Loftis is the latest of several conservative state officials to argue that environmental, social, and governance (ESG) investing represents an advancement of values not held by his constituents. “I will not allow our financial partners to undermine my fiduciary responsibility to maximize investment returns while accepting a prudent level of risk for the benefit of our citizens,” he said in a Monday statement to the Washington Examiner. “It is imperative that we stand up to BlackRock and resist the pressure to simply fall into line with their leftist worldview.”
The move follows the state of Louisiana announcing its intentions earlier this month to divest from BlackRock until a total of $794 million is removed from the company. Weeks earlier, the state of Texas said that BlackRock and nine other firms had violated state law by “refusing to deal with” or “terminating business activities with” companies involved in the production and use of fossil fuels “without an ordinary business purpose.”
Companies that adopt ESG goals, often at the behest of asset managers such as BlackRock, may hire with respect to racial identity while deprioritizing merit, push green energy standards, or otherwise blend profits with progressive social and political agendas. Loftis said during an interview with CNBC that many residents of the Palmetto State are unaware of the degree to which ESG investing opposes their values.
“People are shocked. The average person, smart people — they’ve heard of ESG, but they don’t know what it really means,” he said. “They see it as a betrayal. It’s another group of institutions that have betrayed them, that have gone out and worked hard to advance ideology that they don’t believe.”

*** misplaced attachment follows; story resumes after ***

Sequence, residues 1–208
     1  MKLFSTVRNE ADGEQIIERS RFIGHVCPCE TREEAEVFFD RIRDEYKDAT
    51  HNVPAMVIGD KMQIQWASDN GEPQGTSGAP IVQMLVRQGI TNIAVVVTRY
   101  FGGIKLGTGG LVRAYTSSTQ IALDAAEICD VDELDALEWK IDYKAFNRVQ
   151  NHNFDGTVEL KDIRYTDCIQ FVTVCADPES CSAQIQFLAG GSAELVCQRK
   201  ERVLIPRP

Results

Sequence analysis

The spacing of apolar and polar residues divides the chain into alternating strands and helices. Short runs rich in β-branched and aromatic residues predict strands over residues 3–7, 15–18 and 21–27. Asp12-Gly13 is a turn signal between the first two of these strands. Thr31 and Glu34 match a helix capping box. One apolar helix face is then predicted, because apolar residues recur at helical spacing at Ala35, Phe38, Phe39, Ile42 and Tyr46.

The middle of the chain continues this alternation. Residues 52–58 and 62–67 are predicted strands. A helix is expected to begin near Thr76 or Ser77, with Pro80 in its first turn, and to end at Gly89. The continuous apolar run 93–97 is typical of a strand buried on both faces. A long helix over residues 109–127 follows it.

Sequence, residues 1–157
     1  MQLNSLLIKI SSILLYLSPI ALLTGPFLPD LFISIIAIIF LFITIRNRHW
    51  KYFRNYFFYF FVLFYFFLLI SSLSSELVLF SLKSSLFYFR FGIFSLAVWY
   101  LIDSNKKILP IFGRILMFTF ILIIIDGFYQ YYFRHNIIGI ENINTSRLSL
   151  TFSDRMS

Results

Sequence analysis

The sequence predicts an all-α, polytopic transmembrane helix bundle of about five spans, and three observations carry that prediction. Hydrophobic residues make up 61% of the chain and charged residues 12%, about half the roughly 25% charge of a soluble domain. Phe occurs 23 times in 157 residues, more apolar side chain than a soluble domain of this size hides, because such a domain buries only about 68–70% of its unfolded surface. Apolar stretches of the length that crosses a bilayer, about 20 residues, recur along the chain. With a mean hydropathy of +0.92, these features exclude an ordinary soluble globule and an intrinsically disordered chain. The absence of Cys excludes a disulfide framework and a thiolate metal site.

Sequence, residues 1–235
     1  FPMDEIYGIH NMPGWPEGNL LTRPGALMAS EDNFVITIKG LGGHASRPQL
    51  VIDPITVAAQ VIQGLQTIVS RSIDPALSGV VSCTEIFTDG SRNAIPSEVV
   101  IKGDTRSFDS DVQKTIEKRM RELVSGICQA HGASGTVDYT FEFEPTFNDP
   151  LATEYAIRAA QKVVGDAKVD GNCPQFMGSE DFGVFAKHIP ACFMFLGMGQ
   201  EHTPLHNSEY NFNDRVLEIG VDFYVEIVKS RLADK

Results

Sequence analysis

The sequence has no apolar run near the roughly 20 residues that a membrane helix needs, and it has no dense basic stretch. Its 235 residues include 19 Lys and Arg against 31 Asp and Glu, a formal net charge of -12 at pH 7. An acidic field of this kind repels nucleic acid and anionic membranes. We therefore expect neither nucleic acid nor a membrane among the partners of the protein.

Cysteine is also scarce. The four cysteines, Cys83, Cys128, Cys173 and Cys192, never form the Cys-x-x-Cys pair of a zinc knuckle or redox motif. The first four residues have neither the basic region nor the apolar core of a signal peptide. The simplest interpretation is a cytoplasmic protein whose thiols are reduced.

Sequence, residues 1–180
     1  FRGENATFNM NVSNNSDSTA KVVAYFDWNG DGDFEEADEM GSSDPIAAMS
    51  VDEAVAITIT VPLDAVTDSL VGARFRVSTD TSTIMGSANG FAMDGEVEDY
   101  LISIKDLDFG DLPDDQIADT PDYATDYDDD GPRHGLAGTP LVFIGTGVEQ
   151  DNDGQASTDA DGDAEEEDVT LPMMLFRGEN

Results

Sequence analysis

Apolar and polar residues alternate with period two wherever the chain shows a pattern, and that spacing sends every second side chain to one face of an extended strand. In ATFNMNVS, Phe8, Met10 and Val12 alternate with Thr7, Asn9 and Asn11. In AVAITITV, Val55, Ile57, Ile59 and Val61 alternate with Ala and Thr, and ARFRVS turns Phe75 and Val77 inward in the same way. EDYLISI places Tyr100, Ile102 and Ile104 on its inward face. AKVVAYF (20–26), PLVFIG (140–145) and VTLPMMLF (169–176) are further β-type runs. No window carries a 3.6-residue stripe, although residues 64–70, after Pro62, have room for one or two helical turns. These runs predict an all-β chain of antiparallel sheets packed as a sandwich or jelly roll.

BlackRock contended in a recent letter to state attorneys general that the officials inaccurately portray ESG as a departure from the maximization of profits, asserting that entities which assume a “forward-looking position with respect to climate risk and its implications for the energy transition will generate better long-term financial outcomes.” The firm, which manages $8.5 trillion in client assets, has taken “voting action on climate issues” against dozens of its portfolio companies, according to an investment stewardship report.
“There are investment risks and opportunities associated with a transition to a low-carbon economy,” the letter explained. “As the recent historic floods across the country as well as the droughts and wildfires throughout the West and around the world this past year have shown, climate change is testing the resilience of many industries and businesses.”
Louisiana State Treasurer John Schroder, who met with BlackRock representatives before advancing his state’s divestment, noted that comments made during his recent meeting with representatives from the company “contradicted most of the public messaging” he has heard BlackRock CEO Larry Fink advance in the media.
“This divestment is necessary to protect Louisiana from actions and policies that would actively seek to hamstring our fossil fuel sector,” Schroder told Fink in a letter. “In my opinion, your support of ESG investing is inconsistent with the best economic interests and values of Louisiana. I cannot support an institution that would deny our state the benefit of one of its most robust assets. Simply put, we cannot be party to the crippling of our own economy.”